Behold, the days come, said the Lord GOD, that I will send a famine in the land, not a famine of bread, nor a thirst for water…
There is no sign of the unthankfulness and ungratefulness of the heart of man more striking than the tendency to disparage and forget the commonest mercies, because they are common. It may be that God will teach us the worth of privilege by depriving us of it.
I. THE JUDGMENT DENOUNCED IN THIS TEXT. A famine of "hearing the Word of the Lord." The Gospel of salvation, the Word that bringeth life and peace, is often beautifully figured under the emblem of water, purifying from all uncleanness, and refreshing and reviving the fainting spirit. So the Gospel is often figured under the simple symbol of bread. Jesus said, "I am the living Bread which came down from heaven!" The, bread and water of life signify all the rich blessings of salvation. The famine here threatened is a dearth of the heavenly manna. This famine we may trace in various gradations at different periods of the Church. Trace it in its lighter and less terrible visitations. When God withdraws the living power and influence of His Spirit, so that it does not accompany the Word. Then there is a barrenness, a blight, and a powerlessness in the ministry of the Word, and on the face of the Church. Trace it more manifestly in the corruption or abstraction of the great living doctrines of the Gospel of Christ. The dry morality of a Cicero or a Socrates may usurp the place of the living "truth as it is in Christ Jesus." The same calamity may be inflicted upon a Church or people when the ministry of the Word is entirely suppressed or suspended. Thus it was in the Jewish Church of old, and in the Christian times designated as the "Dark Ages."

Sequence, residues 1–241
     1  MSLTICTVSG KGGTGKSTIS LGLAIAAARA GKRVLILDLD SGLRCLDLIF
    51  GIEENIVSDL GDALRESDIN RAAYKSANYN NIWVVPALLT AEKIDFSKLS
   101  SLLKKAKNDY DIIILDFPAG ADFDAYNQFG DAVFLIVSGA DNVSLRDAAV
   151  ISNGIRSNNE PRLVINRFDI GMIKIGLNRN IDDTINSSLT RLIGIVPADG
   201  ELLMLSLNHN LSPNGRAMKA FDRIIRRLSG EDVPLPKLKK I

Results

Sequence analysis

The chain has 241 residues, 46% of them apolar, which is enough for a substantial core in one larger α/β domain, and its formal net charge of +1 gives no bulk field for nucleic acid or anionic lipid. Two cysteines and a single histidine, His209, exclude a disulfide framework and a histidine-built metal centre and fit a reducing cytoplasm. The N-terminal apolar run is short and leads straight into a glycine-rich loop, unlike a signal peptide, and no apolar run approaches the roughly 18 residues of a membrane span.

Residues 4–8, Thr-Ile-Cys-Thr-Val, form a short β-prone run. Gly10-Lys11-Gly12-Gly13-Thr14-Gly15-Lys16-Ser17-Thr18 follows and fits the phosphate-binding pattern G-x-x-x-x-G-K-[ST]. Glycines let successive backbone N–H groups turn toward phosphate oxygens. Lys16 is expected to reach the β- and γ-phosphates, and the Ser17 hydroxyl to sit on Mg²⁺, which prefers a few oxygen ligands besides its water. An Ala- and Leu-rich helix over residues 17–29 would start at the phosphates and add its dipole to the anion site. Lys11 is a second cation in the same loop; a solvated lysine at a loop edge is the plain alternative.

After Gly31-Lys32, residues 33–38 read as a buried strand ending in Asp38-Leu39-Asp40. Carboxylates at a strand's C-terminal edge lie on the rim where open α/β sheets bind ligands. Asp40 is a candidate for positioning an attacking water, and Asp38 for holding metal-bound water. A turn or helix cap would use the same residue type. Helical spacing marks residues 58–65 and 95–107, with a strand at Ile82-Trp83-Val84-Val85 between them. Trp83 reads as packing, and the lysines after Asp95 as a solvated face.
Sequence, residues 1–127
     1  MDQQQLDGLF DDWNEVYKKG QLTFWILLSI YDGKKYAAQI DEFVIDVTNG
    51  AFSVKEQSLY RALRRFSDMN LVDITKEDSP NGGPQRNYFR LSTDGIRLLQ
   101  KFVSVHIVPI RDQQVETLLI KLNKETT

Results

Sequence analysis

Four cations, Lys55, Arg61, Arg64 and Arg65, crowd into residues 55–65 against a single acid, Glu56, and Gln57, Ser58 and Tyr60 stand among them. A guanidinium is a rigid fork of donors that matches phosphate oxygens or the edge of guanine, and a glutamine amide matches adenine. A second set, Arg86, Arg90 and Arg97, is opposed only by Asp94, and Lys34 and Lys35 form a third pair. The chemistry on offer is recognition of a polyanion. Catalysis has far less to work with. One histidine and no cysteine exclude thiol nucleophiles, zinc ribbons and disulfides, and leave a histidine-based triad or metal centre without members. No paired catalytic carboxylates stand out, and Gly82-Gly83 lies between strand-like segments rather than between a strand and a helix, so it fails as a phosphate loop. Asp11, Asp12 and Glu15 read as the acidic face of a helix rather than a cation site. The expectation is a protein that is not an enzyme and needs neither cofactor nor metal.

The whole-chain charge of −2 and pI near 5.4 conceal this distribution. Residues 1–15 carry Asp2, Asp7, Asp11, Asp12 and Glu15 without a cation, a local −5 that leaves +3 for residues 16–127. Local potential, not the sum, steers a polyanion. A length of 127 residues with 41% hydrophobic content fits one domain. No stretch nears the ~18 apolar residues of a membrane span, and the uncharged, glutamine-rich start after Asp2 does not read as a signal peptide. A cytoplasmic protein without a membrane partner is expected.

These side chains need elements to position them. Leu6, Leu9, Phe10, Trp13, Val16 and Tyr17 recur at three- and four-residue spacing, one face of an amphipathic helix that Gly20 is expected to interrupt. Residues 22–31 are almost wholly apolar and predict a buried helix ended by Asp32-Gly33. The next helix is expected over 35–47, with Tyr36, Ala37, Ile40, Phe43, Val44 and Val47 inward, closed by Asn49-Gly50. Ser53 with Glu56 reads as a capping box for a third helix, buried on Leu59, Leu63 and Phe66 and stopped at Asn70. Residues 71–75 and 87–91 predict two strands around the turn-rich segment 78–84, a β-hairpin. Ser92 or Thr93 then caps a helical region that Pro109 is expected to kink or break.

II. THE TERRIBLENESS OF THE JUDGMENT THUS DENOUNCED. A natural famine is a fearful visitation. The famine God here threatens is altogether more severe and terrible. The greatness of the calamity is seen because on the faithful ministration of God's Word depends all that is moral, beautiful, great, glorious in a land or in a church. What does our own country owe to the "liberty of prophesying"? We take a higher view when we remind you that the "life is more than meat, and the body than raiment." The soul is lost without the Saviour. It is "by the foolishness of preaching" that it pleases God to "save them that believe." Let the free Gospel be withdrawn, and all would be darkness and death.
III. WHAT MAY BE OCCASIONS THAT PROVOKE THE GREAT GOD TO INFLICT SUCH A CALAMITY AS UPON A CHURCH OR A PEOPLE?
1. Neglect of and indifference to the precious oracles of God.
2. Making the Word of God into an idol. The Bible itself may come between the soul and the God it reveals.
3. Disregard of and forsaking the faithful ministration of the truth.
4. We may make too much of men, and too little of the Master; too much of human wisdom, and too little of Divine.
5. The supplementing and adding to God's Word, as if it were insufficient; or the darkening or perverting it, as though man's interpretation were essential, and the Spirit of God were not His own interpreter.
6. The means and ordinances may be exalted to the depreciation of the "foolishness of the preaching" of the Word of God. God's sacraments do not act as magical charms; the Spirit of God teaches man as a rational and responsible agent.
(Hugh Stowell, M. A.)
Parallel VersesKJV: Behold, the days come, saith the Lord GOD, that I will send a famine in the land, not a famine of bread, nor a thirst for water, but of hearing the words of the LORD: